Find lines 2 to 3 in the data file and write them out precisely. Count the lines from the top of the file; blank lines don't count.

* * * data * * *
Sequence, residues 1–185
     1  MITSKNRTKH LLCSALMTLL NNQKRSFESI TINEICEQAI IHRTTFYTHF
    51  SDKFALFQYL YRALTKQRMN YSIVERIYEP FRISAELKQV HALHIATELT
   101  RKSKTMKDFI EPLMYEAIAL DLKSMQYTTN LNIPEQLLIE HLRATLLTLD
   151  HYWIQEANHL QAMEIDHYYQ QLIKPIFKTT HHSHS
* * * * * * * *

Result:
     1  MITSKNRTKH LLCSALMTLL NNQKRSFESI TINEICEQAI IHRTTFYTHF
    51  SDKFALFQYL YRALTKQRMN YSIVERIYEP FRISAELKQV HALHIATELT